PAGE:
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Harvard Book Store will open a second location, this one at the Pru

The move comes several months after Red Sox and Globe owner John Henry invested in the nearly-century-old bookstore.

The Harvard Book Store in Cambridge.David L. Ryan/Globe Staff

Come spring 2023, a beloved Cambridge literary institution will add a second home across the Charles.

Harvard Book Store announced Wednesday the launch of a second location in the Prudential Center — in the spot formerly occupied by Barnes & Noble — expanding its signature collection of novels, coffee table books, and stationery to Back Bay.

“This is an ambitious project,” said co-owner Jeff Mayersohn in a statement. “We think we’ve established an excellent team to bring it to fruition. We envision it as an important addition to the literary life in the city.”

Alex Meriwether, the bookstore’s chief creative officer and former general manager, said this is the end of the road for a long-held vision.

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“Jeff has been working on the idea for a second location for many years, certainly pre-pandemic, until our attention turned to month-to-month survival,” he said. “Now, the idea is to create a destination bookstore for locals and tourists alike.”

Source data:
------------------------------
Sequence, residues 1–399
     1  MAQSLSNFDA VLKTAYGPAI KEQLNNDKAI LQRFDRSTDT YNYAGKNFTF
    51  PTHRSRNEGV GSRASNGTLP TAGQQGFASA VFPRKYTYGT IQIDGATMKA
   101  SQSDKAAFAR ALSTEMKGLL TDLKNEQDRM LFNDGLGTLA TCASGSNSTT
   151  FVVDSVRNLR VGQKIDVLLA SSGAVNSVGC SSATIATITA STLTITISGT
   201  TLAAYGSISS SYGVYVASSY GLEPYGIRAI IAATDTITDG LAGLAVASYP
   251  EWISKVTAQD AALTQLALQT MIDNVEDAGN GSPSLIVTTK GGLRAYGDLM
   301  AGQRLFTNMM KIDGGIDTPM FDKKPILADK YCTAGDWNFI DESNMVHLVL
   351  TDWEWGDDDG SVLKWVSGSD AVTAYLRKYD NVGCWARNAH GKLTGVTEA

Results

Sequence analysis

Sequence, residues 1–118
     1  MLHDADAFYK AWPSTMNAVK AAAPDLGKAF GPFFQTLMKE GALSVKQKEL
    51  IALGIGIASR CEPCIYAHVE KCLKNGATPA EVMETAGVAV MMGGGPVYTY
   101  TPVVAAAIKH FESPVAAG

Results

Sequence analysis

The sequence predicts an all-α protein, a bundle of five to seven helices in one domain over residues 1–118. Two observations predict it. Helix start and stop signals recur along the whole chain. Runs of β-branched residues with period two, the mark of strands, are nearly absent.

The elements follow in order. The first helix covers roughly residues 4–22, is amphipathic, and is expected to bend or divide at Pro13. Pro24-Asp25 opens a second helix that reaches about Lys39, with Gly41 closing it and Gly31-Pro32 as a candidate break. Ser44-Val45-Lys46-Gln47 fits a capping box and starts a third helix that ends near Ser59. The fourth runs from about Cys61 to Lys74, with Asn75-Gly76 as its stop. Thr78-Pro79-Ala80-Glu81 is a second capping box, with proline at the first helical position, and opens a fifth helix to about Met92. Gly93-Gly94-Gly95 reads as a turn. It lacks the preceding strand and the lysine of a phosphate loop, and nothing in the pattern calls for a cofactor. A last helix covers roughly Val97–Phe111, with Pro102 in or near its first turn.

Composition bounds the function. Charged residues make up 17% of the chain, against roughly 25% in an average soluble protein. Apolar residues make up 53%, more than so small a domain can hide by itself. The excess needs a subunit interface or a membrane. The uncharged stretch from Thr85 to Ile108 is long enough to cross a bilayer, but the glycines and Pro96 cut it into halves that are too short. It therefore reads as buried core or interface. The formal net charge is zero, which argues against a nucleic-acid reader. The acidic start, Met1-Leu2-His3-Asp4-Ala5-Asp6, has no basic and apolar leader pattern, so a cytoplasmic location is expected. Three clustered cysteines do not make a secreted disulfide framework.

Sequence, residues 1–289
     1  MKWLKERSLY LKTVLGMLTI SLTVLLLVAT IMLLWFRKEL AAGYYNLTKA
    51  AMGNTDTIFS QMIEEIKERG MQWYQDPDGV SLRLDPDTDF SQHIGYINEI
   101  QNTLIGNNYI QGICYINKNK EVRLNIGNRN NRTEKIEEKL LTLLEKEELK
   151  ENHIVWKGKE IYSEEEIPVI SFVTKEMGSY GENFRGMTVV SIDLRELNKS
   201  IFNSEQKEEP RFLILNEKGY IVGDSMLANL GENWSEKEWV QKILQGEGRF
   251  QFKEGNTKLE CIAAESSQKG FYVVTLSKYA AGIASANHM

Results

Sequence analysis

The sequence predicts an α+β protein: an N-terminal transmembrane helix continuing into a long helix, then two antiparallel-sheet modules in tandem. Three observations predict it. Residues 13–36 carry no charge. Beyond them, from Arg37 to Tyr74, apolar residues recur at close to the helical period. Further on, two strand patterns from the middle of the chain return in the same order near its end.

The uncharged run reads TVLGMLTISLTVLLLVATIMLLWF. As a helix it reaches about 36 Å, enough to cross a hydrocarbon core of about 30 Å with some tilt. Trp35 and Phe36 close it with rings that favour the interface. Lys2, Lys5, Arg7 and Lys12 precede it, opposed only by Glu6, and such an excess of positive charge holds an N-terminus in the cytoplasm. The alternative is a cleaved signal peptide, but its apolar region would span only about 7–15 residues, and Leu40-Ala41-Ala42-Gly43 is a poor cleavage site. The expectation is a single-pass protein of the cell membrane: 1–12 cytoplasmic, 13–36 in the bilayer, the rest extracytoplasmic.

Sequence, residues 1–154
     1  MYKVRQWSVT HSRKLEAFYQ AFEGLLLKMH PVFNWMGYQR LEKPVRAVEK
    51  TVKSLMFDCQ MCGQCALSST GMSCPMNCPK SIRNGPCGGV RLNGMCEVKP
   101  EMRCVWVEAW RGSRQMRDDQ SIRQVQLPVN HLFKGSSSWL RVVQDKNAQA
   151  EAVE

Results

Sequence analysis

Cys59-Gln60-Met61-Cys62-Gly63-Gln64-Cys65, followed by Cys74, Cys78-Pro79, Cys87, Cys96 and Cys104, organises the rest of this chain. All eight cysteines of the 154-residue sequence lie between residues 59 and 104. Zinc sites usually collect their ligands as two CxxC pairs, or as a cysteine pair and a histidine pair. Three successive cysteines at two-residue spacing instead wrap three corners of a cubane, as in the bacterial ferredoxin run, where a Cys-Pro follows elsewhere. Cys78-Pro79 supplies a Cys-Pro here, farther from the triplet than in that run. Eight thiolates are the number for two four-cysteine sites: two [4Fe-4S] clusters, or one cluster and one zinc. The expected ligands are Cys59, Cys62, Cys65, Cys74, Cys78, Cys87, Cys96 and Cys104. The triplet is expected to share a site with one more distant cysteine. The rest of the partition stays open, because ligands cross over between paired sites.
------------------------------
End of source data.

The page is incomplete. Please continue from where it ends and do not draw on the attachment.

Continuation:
The move comes several months after the Harvard Book Store announced a new partnership with John Henry, owner of the Boston Red Sox and The Boston Globe. In December 2021, Henry came on as a part-owner of the shop, with plans to stabilize the original Harvard Square location and perhaps expansion beyond that.

Henry did not immediately respond to requests for comment.

Now, the new 29,000-square-foot location in Back Bay — which Barnes & Noble vacated when its lease ended in June — will house a host of titles, including a large children’s literature section. There will also be an event space for speaker series, community classes, and meetings.

Traffic from events could be a boon for the Prudential and “attract many thousands of visitors annually,” said Bryan Koop, Boston Properties’ executive vice president for Boston, in a statement.

It’s quite a reversal for Harvard Book Store, which struggled immensely earlier in the COVID-19 pandemic. The owners continued to pay employees during the closure without revenue from its sales and literary events. “We had very few months of cash left,” Mayersohn told the Globe in December.

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Federal funding, customer support, and an influx of money from the Henrys jolted it back to life soon thereafter, allowing the shop to renovate its decades-old fixtures and update its website.

The upcoming location paves a strong path forward for the nearly-century old book store, even as the particulars are coming together.

“We have not yet announced all of the details,” a press release read, “but we look forward to sharing these with you in the very near future.


Diti Kohli can be reached at diti.kohli@globe.com. Follow her @ditikohli_.